Ride Or Die

Catch up with Australian Snowboarder Troy Sturrock

Words: Ryan Tiene

Troy Sturrock – aka Stuzz – is one seriously misunderstood dude. He’s hard-working, charismatic and always willing to help out young boarders, but has a bad boy reputation that has stuck firm – with last year’s rant (and following debacle) definitely not helping shift the stereotype.  

Currently shooting Rusty Toothbrush’s latest project, “Poveri Noi”, Stuzz has shrugged off the stress and is looking hungrier than ever.

Transfer sat down with Stuzz and Alex Stewart from Rusty Toothbrush to find out what drives one of Australian snowboarding’s most intriguing riders.

Transfer: Last year you had a bit of a bumpy start to our Australian season…

Troy Sturrock: Yeah, the start of last season wasn’t the greatest for me. I got in a little strife with an article I wrote but everything is all sorted now. I’ve said my apologies, so everything is in the past.

I didn’t get to snowboard for about a month, so I was just so excited to get back on my board and ride with the homies. I had full cabin fever – you can only play so much PlayStation! I was having so much fun once I got back on my board and was in a good headspace, so I ended up having a great season and just focused on riding as much as I could.

Where did you grow up and how did this snowboarding life come about?

T: I’m from Canberra, and I still call it home despite me being there for about three months a year. I’ve lived there my whole life, apart from the three years I spent living in Fiji. I was skiing when I was about three and always wanted to snowboard, but I had to wait until I was tall enough to hire a snowboard at age seven. Then I moved to Fiji. Once I was back in Australia, we went down pretty often. I started getting coached when I was about 15 by Mark Armadio and Andy Lloyd, and they helped me so much. Hooked me up with my first sponsor and it’s all been going uphill since then.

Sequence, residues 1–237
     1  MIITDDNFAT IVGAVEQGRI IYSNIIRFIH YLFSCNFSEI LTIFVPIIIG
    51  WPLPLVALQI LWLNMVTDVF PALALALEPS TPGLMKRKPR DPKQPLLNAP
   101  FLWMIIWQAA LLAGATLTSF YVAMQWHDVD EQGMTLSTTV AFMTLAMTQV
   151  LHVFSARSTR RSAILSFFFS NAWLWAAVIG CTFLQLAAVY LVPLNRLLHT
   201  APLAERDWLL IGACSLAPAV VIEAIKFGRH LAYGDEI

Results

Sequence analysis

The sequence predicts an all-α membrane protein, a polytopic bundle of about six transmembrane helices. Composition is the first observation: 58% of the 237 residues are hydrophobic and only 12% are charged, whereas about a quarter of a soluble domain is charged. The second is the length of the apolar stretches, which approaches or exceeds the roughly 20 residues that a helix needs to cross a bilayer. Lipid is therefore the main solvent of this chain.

I used to play soccer for about ten years and loved it – still do. I was playing football on a Saturday and then doing day trips to the snow on Sunday. It was getting all too hard with being tired at school and training three times a week. The love of snowboarding eventually took over and I’ve never looked back.

What drives you?

T: I know I can’t do this forever and I want to make the most of it and accomplish as much as I can, while I still can. I’ve put in a lot of hard work to get where I am and I’d hate to see it all go to waste. Snowboarding is the greatest fun and I really love it, plus everything that goes along with it.

Do you get paid enough that this is your full-time gig? Are you a pro?

T: No, I’m not pro. Pro in my eyes is someone who can support themselves entirely off snowboarding and not only just get by, but be making enough money to live a comfortable life. There are only a handful of people out of Australia living off snowboarding, like Scotty James and Jye Kearney. I still work a lot. In Jindabyne, I work at First Tracks snowboard store for the season. When I’m in Canberra, I do landscaping or laboring to make more money. I have recently started snowboard coaching with Turn and Burn snowboard camps, and that’s a great way to get me on snow and also help the up and coming Australian riders.

How did you get involved with the Rusty Toothbrush crew?